The Supreme Court has agreed to determine the constitutionality of ObamaCare after 26 states have appealed for it to do so. As explicitly stated in the 10th Amendment, the powers not specifically vested in the federal government by the Constitution are reserved to the states and the people, which ObamaCare supersedes by requiring nearly every American to purchase health insurance.
As Yuval Levin explains at National Review, though, opponents should not be so quick to lose focus of the future of our healthcare system. Do you think ObamaCare will be struck down? Read Levin's views after the break, and let us know your thoughts in the comments.
Levin believes the the federal mandate will be overturned, but that it is still not the most serious problem with ObamaCare:
The key problem is the overall concept—which begins from the premise that our system of health-care financing will only keep costs under control if the government becomes an even greater force in the health sector than it is now and proceeds to create a system that will cause premiums to rise rapidly in the individual market and create major dislocation in the employer market, driving people into vastly overregulated exchanges that would push premiums higher still, and then initiate a program of subsidies whose only real answer to the mounting costs of coverage will be to pay them with public dollars and so inflate them further. It aims to spend a trillion dollars on subsidies to large insurance companies and the expansion of an unreformed Medicaid system, to micromanage the insurance industry in ways likely to make it even less efficient, to cut Medicare benefits without using the money to shore up the program or reduce the deficit, and to raise taxes on employment, investment, and medical research. CBO does not expect it to make a real dent in the inflation of health-care costs or to avert the fiscal implosion of Medicare. Instead, it will double down on price controls and centralized administration and make a real reform of our system much more difficult.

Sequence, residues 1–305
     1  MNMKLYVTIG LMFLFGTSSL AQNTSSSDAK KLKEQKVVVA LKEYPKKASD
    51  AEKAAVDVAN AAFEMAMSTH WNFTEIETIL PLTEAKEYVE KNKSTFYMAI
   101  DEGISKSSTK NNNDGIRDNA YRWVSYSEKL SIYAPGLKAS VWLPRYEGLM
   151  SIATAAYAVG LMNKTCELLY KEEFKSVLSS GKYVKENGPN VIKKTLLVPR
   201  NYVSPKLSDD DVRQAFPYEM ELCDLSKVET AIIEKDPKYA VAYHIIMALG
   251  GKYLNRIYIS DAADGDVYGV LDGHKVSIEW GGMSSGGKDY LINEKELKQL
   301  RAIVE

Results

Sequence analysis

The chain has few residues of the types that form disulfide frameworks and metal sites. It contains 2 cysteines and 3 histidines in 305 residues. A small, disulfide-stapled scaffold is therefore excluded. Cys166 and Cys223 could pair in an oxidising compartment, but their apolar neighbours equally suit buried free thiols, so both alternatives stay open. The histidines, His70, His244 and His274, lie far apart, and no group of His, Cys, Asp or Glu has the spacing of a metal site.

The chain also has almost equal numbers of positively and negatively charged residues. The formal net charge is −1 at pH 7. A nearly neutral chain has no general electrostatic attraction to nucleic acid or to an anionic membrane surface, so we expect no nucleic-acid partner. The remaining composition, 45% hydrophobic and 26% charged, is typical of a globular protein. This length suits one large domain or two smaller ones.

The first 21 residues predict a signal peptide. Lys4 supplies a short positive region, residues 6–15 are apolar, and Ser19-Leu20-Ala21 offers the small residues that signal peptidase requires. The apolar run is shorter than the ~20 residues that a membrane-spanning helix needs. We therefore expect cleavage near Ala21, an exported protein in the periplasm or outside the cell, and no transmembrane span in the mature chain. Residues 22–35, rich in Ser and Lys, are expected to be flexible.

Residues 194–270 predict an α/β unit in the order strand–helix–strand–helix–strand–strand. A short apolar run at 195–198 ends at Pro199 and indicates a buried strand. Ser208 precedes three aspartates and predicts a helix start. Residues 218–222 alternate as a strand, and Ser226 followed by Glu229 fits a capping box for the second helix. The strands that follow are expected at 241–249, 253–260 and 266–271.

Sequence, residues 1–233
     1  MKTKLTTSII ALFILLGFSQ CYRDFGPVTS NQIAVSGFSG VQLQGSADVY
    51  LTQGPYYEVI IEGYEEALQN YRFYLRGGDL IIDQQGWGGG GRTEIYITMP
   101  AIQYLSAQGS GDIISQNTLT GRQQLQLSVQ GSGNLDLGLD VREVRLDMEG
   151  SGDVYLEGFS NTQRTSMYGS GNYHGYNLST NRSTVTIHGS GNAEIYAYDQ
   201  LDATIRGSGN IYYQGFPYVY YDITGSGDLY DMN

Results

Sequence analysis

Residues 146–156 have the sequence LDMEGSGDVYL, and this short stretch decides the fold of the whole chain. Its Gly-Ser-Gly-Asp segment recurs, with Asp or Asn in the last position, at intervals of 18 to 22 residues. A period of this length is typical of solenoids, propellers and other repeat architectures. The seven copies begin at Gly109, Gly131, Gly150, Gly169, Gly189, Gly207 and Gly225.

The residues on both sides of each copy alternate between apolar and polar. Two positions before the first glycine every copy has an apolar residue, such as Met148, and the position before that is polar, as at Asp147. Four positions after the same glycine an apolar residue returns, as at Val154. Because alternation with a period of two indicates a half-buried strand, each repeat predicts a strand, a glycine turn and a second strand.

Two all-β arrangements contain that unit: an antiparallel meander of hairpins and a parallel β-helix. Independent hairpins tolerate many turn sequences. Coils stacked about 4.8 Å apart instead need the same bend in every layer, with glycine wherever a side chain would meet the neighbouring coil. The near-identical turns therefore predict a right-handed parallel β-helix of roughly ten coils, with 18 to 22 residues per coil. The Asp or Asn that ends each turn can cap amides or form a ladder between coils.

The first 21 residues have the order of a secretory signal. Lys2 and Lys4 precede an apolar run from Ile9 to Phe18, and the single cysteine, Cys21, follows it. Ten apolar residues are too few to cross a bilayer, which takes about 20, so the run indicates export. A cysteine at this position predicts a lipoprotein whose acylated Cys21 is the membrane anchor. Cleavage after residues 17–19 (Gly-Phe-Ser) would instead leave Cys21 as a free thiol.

Lawyers David B. Rivkin and Lee A. Casey further explained the Medicaid problem at the Wall Street Journal:
...For more than 40 years, Medicaid has been a cooperative federal/state program to fund medical care for the poor. The states also contribute funds and have enjoyed wide discretion in designing and implementing their own programs. Now, as a means of ensuring the universal coverage ObamaCare set out to achieve, Medicaid has been transformed into a massive new health-insurance program for many in the middle class. The states must accept new, detailed federal requirements or lose all federal Medicaid funding—leaving their neediest citizens without any safety net.
Perhaps even more important than what the court decides next summer will be how the public votes in the fall. Do you think the Supreme Court will overturn ObamaCare?